I recently dropped $125 on three bottles of liqueur – anise-flavored from France, cherry-flavored from Italy and chili-flavored from Mexico. I needed all three for a recipe testing project, and they only come in 750 milliliter bottles. I used just two of the approximately 25 ounces in each. Yes, the liqueurs will keep for up to six months once opened. But unless I remember to flambé a lot of seafood with Pernod, add Luxardo liqueur to every cherry dessert I make, and spice up large pitchers of margaritas to serve to all my friends in that relatively short time frame, I’m going to have a bunch of wasted booze on my hands.

Waste not, want not is a practice I follow once anything edible (or drinkable) passes over the threshold of my home. So yes, I dare say we’ll get to the bottom of these bottles one way or another. But smaller bottles of similarly flavored liqueurs, made from local ingredients, most of which already sit in my liquor closet, kitchen cupboard and vegetable drawer, would have been the more sustainable, not to mention more sobering, route.

If only I’d had the time. DIY flavored liqueurs – called cordials in some parts of the world – can be made from any source from summertime stone fruit pits to the variety of herbs overtaking your garden. But they don’t happen overnight.

The assembly is simple: Pack a sterilized glass jar within an inch of the top. In my testing of this process, I used chopped stalks and fronds from two bulbs of fennel in a one-quart jar. I used cucumber slices and basil leaves in a pint jar. And I press the smooshed remnants of 3 quarts of raspberries into service to fill a third jar, also a pint.

Next, cover the flavor agent with a clear spirit. Even with the flavor agent packed into a pint jar, you can still pour in about a cup of booze. For a quart jar, you’ll need 2 cups of booze. You want to make sure that the agent is completely covered by the alcohol to dissuade any bacterial growth. To the fennel, I added vodka. To the basil and cucumbers, I added gin. And to the berries, I added bourbon.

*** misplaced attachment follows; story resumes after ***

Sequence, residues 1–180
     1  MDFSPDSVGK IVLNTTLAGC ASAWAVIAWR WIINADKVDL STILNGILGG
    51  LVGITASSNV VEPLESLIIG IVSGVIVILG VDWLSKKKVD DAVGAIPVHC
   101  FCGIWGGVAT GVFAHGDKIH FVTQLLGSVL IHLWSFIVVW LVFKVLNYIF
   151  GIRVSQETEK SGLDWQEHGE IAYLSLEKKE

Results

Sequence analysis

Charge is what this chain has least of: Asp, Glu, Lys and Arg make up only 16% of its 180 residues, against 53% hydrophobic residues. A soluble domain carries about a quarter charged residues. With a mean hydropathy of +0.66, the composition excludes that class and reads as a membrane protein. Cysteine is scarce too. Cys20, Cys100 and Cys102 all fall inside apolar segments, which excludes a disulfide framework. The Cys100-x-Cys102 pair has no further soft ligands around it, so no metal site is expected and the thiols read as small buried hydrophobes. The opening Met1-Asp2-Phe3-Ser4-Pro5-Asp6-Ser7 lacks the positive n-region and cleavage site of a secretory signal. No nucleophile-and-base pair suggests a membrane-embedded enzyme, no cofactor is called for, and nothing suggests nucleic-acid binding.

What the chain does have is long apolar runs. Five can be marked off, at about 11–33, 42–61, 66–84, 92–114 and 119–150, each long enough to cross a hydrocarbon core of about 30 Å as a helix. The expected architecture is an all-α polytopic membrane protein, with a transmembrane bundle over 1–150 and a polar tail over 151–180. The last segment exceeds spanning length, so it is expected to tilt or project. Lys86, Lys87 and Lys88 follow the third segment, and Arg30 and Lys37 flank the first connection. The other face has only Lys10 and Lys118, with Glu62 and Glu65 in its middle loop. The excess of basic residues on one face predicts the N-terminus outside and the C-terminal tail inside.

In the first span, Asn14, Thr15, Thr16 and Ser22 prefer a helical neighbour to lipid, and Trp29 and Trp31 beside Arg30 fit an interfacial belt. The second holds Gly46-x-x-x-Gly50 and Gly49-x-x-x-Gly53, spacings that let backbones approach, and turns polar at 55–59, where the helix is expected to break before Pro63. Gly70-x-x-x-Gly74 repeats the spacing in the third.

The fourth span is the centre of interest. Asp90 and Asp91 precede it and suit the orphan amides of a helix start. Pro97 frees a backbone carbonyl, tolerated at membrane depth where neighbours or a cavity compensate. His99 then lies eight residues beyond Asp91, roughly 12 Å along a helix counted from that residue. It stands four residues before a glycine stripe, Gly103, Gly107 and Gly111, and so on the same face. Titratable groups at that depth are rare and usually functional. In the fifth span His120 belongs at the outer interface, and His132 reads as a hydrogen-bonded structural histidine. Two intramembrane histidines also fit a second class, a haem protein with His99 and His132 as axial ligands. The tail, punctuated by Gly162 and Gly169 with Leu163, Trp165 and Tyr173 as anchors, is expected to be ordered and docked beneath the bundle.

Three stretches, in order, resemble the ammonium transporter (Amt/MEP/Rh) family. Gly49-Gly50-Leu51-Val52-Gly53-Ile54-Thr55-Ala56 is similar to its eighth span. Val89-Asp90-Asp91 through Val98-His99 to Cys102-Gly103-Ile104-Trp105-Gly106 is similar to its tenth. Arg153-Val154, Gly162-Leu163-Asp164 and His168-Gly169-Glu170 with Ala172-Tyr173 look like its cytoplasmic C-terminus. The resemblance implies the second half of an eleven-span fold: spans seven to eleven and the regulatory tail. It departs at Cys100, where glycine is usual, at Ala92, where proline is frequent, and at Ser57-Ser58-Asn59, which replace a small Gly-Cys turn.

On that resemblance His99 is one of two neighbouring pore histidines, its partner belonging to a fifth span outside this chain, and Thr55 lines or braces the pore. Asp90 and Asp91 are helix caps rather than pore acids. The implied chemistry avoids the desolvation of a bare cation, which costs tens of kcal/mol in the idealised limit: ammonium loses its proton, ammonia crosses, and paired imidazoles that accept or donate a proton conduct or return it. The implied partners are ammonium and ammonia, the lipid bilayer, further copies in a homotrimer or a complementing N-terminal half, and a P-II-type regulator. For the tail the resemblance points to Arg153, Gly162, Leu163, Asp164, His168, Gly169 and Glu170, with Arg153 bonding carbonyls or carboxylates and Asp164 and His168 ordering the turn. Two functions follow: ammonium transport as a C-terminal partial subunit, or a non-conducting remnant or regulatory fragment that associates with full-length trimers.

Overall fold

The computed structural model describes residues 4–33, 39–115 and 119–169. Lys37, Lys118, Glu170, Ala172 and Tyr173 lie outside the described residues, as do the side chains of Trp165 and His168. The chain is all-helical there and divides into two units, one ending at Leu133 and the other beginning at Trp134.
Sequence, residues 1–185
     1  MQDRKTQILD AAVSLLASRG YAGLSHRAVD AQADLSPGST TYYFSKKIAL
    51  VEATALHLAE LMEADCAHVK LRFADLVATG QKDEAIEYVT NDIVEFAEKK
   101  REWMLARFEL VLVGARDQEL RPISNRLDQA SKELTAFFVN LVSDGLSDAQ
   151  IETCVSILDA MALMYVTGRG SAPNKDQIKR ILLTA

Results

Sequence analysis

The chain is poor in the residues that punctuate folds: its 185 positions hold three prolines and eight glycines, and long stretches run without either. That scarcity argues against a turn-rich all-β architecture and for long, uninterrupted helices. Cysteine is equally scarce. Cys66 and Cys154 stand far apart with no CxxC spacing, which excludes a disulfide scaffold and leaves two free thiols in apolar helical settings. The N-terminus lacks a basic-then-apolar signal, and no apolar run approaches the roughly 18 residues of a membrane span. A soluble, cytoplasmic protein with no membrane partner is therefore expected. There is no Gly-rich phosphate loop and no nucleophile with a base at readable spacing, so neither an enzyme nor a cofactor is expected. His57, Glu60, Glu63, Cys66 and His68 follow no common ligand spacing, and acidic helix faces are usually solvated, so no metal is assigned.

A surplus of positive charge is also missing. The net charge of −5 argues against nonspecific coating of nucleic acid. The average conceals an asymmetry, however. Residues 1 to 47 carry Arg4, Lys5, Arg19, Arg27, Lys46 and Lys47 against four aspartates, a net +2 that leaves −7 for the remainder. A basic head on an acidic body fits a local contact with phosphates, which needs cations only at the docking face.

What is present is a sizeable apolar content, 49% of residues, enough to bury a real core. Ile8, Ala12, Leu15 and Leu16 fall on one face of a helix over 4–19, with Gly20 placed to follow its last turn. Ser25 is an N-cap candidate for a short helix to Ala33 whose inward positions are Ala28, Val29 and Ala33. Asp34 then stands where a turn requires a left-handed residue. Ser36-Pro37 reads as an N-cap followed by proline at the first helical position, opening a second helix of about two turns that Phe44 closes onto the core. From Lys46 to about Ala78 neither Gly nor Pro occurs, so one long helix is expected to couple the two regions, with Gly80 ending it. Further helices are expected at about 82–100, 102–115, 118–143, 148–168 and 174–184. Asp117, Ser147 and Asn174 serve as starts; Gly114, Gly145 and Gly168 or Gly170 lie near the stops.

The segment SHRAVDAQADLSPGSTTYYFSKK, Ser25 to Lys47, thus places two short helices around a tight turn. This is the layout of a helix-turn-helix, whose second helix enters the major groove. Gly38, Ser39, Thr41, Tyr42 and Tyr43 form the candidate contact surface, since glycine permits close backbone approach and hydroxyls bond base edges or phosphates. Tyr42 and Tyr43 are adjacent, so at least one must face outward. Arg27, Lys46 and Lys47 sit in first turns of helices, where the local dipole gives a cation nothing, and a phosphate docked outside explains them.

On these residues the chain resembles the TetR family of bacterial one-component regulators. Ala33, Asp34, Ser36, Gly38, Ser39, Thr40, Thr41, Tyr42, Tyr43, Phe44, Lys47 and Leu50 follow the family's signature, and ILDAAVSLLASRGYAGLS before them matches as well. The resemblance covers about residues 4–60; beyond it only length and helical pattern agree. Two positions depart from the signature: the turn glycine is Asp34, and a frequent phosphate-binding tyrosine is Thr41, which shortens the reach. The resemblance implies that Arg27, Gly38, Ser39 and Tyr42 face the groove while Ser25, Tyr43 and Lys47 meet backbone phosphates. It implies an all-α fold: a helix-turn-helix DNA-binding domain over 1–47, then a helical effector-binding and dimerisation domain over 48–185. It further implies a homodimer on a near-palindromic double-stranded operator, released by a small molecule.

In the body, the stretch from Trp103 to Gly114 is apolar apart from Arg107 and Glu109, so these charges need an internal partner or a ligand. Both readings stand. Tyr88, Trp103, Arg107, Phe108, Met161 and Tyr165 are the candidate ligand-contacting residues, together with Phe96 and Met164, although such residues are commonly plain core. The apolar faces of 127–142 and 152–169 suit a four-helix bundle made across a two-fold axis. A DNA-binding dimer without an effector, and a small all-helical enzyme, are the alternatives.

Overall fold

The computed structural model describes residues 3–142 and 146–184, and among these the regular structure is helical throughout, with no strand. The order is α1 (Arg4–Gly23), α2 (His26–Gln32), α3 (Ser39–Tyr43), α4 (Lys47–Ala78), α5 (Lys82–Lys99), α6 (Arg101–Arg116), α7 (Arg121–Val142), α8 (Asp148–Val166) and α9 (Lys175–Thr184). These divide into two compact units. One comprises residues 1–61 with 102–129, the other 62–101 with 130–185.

Cap the jars tightly and put them in a dark cupboard to steep for three to six weeks. Taste the liquid (with a clean spoon so as not to introduce any bacteria) after three weeks to assess the depth of flavor, storing it longer if you want a more pronounced one. Strain the liquid from the solids (compost those!) through a double layer of cheesecloth into a second, similarly sized sterilized jar. At this point, you’ve got flavored vodka, gin and bourbon.

To elevate these flavored spirits to cordial status, you need to add sugar in the form of simple syrup made from simmering equal parts white sugar and water until the former dissolves. Add 1/4 cup of simple syrup to every cup of flavored spirit in the jar. Reseal the jars and return them to the dark, cool cupboard for 2-3 months.

These DIY cordials made from seasonal ingredients make great gifts. Christmas from July, if you will. If you want to decant them from utilitarian jars into pretty bottles, be sure to sterilize the latter first. Swing-top glass bottles are especially handy since they form an airtight seal, but any bottle with a tight-fitting lid will work. Use a (also sterilized) funnel to fill each one with cordial and label them.  You can refrigerate the bottles until you give them away, but since the main ingredients are sugar and high-proof alcohol – both preservatives – they can be safely stored for several months in a cool, dark cabinet as well.

Christine Burns Rudalevige is a food writer, recipe developer, tester and cooking teacher in Brunswick, and the author of “Green Plate Special,” a cookbook from Islandport based on these columns. She can be contacted at: [email protected]

Grapefruit and Fennel Celebration. The drink contains homemade fennel-infused cordials. Brianna Soukup/Staff Photographer

Grapefruit and Fennel Celebration

Serve this drink in a pretty coupe and feel totally pampered.

Makes 1 cocktail

1 ounce gin
1 ounce freshly squeezed pink grapefruit juice
1 ounce fennel cordial
1/2 ounce fresh lime juice
Grapefruit and/or lime peel for garnish

In a shaker filled with ice, add gin, grapefruit juice, fennel cordial and lime juice. Cover and shake well. Strain into a coupe glass. Garnish with grapefruit or lime peel.


Only subscribers are eligible to post comments. Please subscribe or to participate in the conversation. Here’s why.

Use the form below to reset your password. When you've submitted your account email, we will send an email with a reset code.

filed under: